1983 set young Jackie Shroff off on a roller coaster ride with Hero. In 1989, Ram Lakhan was a chart topper that turned Madhuri Dixit into a huge star that was ready to explode into millions of tiny colorful ones that promised to light up every South Asian’s fantasy world for many years to come. Two years later, Saudagar set the Indian screens on fire with the pretty Manisha Koirala and the boy next door Vivek Mushran in lead roles. 1997’s Pardes confirmed Mahima Chaudry’s instant superstar status and in 1999, Taal reintroduced Aishwarya Rai to the world who had crowned her it’s queen a few years ago but was slowly forgetting what she was all about. And finally, last year’s Kisna unveiled the sparkling Isha Sharvani who’s destined to go a long way with her impeccable good looks and a knack for dancing.
Although it might leave many a non-Indian-film-buffs clueless as to what these blockbusters and superstars have in common, it’s palpable that there’s only one man in Bollywood who could be responsible for so much commotion in the industry, and that one man made his first trip to Karachi last month to showcase Iqbal, his latest magnum opus starring Naseeruddin Shah, in the Sab Say Karara Kara Film Festival, now in it’s fifth year, which was held in the city of lights in the first couple of weeks of December.
Subhash Ghai, often quite deservingly known as The Showman or The Starmaker among colleagues and millions of fans around the world was very excited about his first trip across the notorious border. Less than 24 hours and he, along with the laid-back Mahesh Bhatt and the radiant Anupam Kher were totally at home walking around the hotel lobby greeting fans and warming up for the big day ahead.
“It’s been a wonderful experience for me, both emotionally and spiritually.” He told me when I asked him how he liked the place so far. Emotionally because his father’s family comes from the Jhelum and Lahore area, just like 90 percent of Bollywood which is also Punjabi. Almost in love with the thought of having a good relationship with Pakistan because for him “it’s like a second home,” and spiritually because he was quite amused at the fact that his PIA ride the previous evening had been the shortest international flight he’d ever been on. “It takes more time to fly within India!” He declared with a cheerful chortle.
Subhash Ghai was born on January 24, 1943 in Nagpur, Mahrashtra, India and since graduating from the Film Institute of India, Pune in 1965, he has come a very long way, devouring his share of success which came almost instantaneously with his directorial debut Kalicharan in 1976 and the naissance of his own production house called Mukta Arts Ltd. in 1978 which has now turned into one of the country’s leading film and entertainment company, but the only noteworthy thing that has not changed for him is his love and passion for film; and especially for mainstream commercial cinema.
That does not mean that he stays clear of alternative cinema though. Mukta Arts has an impressive reputation of producing all kinds of films; be them mainstream commercial, art, or independent. Iqbal, which is a perfect example of the alternative cinema that also attracts Subhash to no ends, was decided upon deliberately. The risks involved were huge, of course, because it wasn’t a commercially heavy, fun and song filled film like the ones that do business these days but it has still surfaced and made a mark by being accepted and applauded all over India. “The DVD has not been released in India yet,” He joked, “but I wouldn’t know if it’s available in the Pakistani stores or not!”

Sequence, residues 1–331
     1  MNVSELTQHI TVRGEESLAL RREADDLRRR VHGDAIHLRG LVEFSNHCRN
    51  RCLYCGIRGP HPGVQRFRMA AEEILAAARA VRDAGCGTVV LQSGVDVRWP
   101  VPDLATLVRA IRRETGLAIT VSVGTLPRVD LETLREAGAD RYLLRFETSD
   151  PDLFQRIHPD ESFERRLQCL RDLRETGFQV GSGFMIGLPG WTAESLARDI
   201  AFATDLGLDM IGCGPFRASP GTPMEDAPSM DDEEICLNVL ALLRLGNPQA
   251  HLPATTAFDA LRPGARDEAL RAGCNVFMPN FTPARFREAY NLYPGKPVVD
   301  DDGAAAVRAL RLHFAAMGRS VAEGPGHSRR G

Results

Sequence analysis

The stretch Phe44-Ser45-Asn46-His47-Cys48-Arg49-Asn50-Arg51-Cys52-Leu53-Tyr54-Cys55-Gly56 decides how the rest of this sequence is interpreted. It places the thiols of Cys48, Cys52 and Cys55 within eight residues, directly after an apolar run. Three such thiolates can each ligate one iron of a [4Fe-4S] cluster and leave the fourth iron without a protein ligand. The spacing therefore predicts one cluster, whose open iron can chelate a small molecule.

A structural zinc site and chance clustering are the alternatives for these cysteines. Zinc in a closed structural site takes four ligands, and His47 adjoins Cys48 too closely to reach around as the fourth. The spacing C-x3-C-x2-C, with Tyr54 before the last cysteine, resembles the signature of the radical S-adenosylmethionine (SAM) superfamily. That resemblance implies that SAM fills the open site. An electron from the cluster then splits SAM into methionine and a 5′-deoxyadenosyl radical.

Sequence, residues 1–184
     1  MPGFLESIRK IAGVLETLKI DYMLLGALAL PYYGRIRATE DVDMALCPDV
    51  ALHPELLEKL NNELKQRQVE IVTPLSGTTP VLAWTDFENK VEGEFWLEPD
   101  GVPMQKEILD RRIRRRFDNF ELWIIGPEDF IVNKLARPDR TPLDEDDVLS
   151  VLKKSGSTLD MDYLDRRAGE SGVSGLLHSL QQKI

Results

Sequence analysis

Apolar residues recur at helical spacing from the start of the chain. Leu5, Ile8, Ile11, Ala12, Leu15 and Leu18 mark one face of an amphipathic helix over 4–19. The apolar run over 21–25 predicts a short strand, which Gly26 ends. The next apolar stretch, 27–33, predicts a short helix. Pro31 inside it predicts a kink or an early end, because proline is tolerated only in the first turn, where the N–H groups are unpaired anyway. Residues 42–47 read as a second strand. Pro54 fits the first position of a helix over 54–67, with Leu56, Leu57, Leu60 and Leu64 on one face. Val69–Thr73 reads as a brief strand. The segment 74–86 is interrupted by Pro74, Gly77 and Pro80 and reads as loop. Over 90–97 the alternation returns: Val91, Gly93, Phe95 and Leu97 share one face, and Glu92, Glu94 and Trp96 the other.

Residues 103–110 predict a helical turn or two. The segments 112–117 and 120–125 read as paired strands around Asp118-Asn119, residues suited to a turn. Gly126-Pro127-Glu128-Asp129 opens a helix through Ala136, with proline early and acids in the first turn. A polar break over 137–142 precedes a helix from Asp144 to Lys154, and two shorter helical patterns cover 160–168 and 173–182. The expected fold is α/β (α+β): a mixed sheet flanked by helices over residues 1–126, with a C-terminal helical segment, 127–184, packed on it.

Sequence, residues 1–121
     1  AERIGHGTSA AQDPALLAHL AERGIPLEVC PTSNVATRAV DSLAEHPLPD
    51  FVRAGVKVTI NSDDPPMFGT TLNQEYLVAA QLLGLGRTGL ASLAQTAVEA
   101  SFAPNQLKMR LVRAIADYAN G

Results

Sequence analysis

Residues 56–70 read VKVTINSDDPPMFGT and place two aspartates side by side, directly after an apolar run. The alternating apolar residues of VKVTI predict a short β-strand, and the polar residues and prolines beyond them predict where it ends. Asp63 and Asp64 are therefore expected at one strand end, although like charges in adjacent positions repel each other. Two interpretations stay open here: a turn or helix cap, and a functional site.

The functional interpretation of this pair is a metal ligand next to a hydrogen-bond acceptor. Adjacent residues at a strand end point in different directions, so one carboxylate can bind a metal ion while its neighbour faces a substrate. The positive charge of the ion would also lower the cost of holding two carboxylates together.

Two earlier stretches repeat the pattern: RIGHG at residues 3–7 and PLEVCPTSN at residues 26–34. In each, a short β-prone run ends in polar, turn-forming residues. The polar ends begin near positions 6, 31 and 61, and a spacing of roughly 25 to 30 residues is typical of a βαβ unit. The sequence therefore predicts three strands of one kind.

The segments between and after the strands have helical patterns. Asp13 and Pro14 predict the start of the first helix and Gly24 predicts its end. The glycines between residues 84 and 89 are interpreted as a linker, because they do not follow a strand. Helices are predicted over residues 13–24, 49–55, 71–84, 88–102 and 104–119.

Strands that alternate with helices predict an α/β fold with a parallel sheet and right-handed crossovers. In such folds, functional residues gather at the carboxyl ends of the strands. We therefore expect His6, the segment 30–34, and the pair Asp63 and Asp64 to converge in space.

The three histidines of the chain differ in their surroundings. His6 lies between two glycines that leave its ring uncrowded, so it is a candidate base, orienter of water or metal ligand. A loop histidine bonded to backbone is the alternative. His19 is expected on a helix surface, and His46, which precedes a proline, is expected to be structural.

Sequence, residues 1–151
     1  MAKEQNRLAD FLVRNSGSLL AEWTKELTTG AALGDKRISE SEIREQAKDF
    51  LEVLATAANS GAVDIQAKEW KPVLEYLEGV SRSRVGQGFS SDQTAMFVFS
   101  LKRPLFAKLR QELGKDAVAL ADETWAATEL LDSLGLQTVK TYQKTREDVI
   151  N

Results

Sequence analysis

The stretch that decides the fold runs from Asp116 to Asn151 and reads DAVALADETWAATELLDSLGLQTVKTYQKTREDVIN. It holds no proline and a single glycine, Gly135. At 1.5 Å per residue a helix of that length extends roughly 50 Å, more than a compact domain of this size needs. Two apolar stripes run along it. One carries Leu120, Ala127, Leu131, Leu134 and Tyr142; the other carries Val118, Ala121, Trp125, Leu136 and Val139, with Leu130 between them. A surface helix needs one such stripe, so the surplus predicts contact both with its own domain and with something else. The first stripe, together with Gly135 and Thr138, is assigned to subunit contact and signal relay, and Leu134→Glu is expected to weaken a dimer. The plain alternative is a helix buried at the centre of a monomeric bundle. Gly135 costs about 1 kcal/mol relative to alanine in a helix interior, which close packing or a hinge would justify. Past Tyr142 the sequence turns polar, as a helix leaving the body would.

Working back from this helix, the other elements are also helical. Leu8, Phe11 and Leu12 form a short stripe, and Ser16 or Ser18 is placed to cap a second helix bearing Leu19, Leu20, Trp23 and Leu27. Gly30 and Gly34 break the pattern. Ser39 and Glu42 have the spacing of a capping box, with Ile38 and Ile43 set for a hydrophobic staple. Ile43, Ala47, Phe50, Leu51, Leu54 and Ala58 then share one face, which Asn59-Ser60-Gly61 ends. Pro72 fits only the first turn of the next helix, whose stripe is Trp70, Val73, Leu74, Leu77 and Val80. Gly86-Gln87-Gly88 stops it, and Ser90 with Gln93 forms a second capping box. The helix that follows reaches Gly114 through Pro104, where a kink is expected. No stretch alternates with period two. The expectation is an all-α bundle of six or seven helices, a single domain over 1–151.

And I think we very well would!
Iqbal was screened as the opening film, together with Anupam Kher’s Main Ne Gandhi Ko Nahin Mara, at Kara this year.
The romantic film-maker has written and directed over 14 movies in the quarter of a century he’s been around, 12 out of which have been absolute runaway successes like himself. The reason? Well, maybe his good-boy charm and unadulterated generosity might have something to do with it.
A clause in the contract of any newcomer signed by Mukta Arts requires them to donate 35 percent of their income for the first five years, be it from films, TV shows, stage or magazine covers, to the Mukta Arts Workers Charitable Trust. “I think it is only right that they help the people who worked so hard to make them stars, because of whom they’re earning millions.”
He’s had a few unpleasant experiences with the actors he launched (cough, Mahima Chaudry, cough), sure, but he just shrugs the bad memories off with, “bad experiences are as much a part of life as good ones.” His favorite ex-protégé remains the evergreen Madhuri, however, who “is an absolute delight to work with and has always honored the contracts.”
October 24, 2005, which marked the 27th anniversary of Mukta Arts Ltd., was special to Subhash Ghai. The date not only happens to be Subhash and Rehana Ghai’s wedding anniversary, but the Showman also makes it a point to religiously announce new films and ventures on this date year after year. This October was no exception to the tradition as Ghai announced five new projects to be produced by his company during the next year. While four of these films are to be directed by other directors, he himself will warm the director’s chair for one still untitled, “big-budgeted, musical extravaganza with love for the central theme!” He enlightened me. “I have signed Salman Khan for one of the lead roles but have not decided on the other hero and two heroines yet.”